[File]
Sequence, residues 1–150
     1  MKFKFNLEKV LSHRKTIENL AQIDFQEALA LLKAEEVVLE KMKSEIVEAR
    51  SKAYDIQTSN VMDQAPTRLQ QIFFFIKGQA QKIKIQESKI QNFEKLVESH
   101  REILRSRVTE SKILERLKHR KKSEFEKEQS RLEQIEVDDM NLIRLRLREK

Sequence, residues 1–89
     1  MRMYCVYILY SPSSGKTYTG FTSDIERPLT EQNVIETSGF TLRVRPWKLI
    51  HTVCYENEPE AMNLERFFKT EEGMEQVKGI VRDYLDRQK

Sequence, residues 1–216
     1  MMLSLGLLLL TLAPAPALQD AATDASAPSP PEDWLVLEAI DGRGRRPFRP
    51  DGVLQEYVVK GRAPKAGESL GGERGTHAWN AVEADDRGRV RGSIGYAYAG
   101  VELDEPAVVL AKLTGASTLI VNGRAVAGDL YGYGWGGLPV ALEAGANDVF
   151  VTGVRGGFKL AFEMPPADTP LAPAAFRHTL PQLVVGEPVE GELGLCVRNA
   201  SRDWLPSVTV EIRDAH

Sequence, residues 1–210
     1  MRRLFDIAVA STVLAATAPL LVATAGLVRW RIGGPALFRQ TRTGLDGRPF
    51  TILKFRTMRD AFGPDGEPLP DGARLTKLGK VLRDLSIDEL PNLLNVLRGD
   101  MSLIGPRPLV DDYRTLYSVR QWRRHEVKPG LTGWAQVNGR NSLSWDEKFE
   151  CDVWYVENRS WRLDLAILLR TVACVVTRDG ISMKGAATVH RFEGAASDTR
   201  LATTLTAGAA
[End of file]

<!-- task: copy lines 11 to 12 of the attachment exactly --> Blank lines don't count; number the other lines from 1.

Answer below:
   101  VELDEPAVVL AKLTGASTLI VNGRAVAGDL YGYGWGGLPV ALEAGANDVF
   151  VTGVRGGFKL AFEMPPADTP LAPAAFRHTL PQLVVGEPVE GELGLCVRNA